Written by Rebecca
I was at Seminar and it was my third time in DIQ. (I would go through one more time before I hung up my heels.) I was on my way to the director’s meeting. My husband and I had just gotten off the plane, and I ditched my poor hubby with all our luggage, and ran like the wind in three inch heels to get to the meeting. Nothing quite like that red polyester jacket to give you a sauna treatment in Dallas, is there?
As I walked into the hotel, I met up with a new DIQ in our area who had also just finished her car. It was her first time through DIQ and she’d just signed 5 women the day before. Four of them activated the same day. She had 21 active consultants at the end of her third month. My jaw hit the floor. I had 20-some on my team, but only 11 active.
What was this chick doing?! She explained to me: “All you have to do is sit them down, sign the agreement online, and then without letting them think about it too long, have them fill out the MK Chase Visa credit card application. You get on the spot approvals, and then you just place their order. It all done in a little over an hour!” (She finished DIQ the following month, and taught at fall retreat about her methods).
Not only had that thought never occurred to me, I wasn’t sure how I felt about that. I’d long had reservations about telling women to buy inventory on a credit card, but since that was the MK way, I’d done it, albeit with a lot of hesitation and clarification during my inventory talks. (My director believed once you started DIQ, you were on your own, so I did it all for my recruits and their recruits – debuts, inventory orders, daily phone calls, etc. Gee, it’s so much fun to do a director’s work and not get paid for it. Woohoo!) So I walked the rest of the way to the meeting on my own, pondering this DIQ’s words.
Inside, there was a panel with the top directors in our area. As I stepped in the room, all the sales directors I knew came over and hugged me, which is what I loved about this whole business. Everyone knew me, and I loved being one person that always got asked for her scripts, as I cold called and booked better than anyone.
We got started and the question came up: “I’m having a hard time booking, and getting classes to hold. Have any of you had a problem getting solid classes, and if so, how did you fix it?” (As if this problem must be all her issue, and NO ONE else is having this problem except her… I wonder who convinced her that was the case?)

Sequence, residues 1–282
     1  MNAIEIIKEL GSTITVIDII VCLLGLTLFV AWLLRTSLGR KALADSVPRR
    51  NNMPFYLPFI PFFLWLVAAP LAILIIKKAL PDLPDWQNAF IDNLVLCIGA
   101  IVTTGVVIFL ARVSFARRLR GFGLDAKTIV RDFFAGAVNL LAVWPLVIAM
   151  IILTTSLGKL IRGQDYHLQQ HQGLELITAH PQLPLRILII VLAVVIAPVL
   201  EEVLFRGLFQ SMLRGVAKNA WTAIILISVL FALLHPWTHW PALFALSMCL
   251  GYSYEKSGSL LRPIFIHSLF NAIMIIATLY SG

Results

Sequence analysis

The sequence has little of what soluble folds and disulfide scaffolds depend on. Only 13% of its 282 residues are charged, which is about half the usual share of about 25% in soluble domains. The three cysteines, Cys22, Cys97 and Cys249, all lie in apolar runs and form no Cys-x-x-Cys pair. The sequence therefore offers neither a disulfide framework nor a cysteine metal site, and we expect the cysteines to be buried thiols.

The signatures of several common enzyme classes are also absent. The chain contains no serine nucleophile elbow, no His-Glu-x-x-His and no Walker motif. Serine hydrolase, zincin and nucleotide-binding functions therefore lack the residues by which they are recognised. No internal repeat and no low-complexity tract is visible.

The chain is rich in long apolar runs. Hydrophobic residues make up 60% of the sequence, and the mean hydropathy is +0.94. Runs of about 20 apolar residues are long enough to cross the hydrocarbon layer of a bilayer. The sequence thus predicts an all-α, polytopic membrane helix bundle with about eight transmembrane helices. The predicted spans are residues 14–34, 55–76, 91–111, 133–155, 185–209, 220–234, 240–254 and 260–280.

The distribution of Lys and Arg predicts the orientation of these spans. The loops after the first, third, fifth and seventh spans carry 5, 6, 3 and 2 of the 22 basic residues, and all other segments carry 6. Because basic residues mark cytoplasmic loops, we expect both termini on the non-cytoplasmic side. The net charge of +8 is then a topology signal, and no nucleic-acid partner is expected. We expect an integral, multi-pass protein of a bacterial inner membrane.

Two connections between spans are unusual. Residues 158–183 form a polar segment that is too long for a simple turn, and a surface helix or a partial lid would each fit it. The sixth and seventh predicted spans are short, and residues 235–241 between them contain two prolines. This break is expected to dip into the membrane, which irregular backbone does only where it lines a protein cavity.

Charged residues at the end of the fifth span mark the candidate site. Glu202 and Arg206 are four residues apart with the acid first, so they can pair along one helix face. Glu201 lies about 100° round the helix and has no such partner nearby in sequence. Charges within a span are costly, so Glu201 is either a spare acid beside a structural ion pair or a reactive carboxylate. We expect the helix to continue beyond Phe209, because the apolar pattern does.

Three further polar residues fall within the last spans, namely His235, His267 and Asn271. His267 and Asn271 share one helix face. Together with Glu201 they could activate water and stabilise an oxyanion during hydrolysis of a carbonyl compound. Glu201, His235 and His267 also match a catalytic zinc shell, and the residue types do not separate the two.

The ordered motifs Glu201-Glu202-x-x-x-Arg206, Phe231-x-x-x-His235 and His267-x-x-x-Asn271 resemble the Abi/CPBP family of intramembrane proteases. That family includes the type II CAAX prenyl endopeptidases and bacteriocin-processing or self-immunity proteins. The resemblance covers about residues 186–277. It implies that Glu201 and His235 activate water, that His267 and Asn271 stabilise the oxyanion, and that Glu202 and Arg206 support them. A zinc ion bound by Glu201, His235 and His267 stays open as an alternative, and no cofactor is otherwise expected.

The question went to the panel. These directors were all half-million and up. There were the typical answers: you need to offer more, believe in your hostess credit, coach better, believe that what you have to offer is better than anything they will get elsewhere, etc.
A million dollar direct sat there silently, clearly warring with whether or not to make her statement. Finally, she held up a hand, and everyone grew silent. When you’ve done million, you get a modicum of respect. Her voice shook when she spoke. She said, “I don’t know what the numbers are, and I’m not sure why, but they are not always what we say they are. Women today are busier, have more going on in their lives, and are tired, ladies. I’m not sure what my numbers are, but I know that I have to call more than 10 to get them to book, and I have to book more than ten to get 5 to hold.” She continued on, stating that this may have a lot to do with why consultants get frustrated. She clearly did not want to alter the status quo, as she didn’t feel like she had a replacement answer, but she was training her girls that they had to do more to get results.
I was in the top three in my area. I was a seller, and I didn’t have a ton of inventory. I talked to my national, called her, was called by her, and knew her kids. We were close, given the relationship most consultants have with their national. So I’m not saying this to be nasty or exaggerate. My NSDs face closed down. This director had put her on the map as a national, and everyone loved this director. Treading carefully, my NSD poo-pooed what the director said in subtle, manipulative ways. “Things have changed for women over the years, and we do, in a service driven business, have to be sensitive to their needs. Depending on your geographic area, perhaps the numbers are different…” etc. etc. etc. I’m sure you can fill it in from there.
Can you imagine the whispers after that meeting? The director was practically apologizing at dinner that night. Here’s the deal – what they believe is so fragile, so founded in these roots of 30 faces, 30 days, 3+3+3, book 10 to hold 5, etc. that anything that flies in the face of that has to be silenced. Even if you have some serious sales chops, the cards are stacked against you.
When I got home from seminar, I (like a good little automaton) asked my director about the other director’s statement. She, of course, did damage control. But the first director’s words stuck with me. I did more calls, more numbers, worked through even more setbacks.
Over the next six months, I did an average of $1,300 wholesale each month. I didn’t carry a lot of inventory, so these orders represented actual sales of products. I had $1700 worth of inventory at the end, a logical amount for someone who sold as much as I did, over four years. I ordered what I SOLD – yet still didn’t show a dime of profit.
I finally came to realize that this is the norm in Mary Kay. Even if you are selling, the cards are stacked against you. The numbers they preach are a lie. It’s almost impossible to book consistently and have those appointments hold. But who in Mary Kay is willing to tell you the truth? Not the directors and not the NSDs.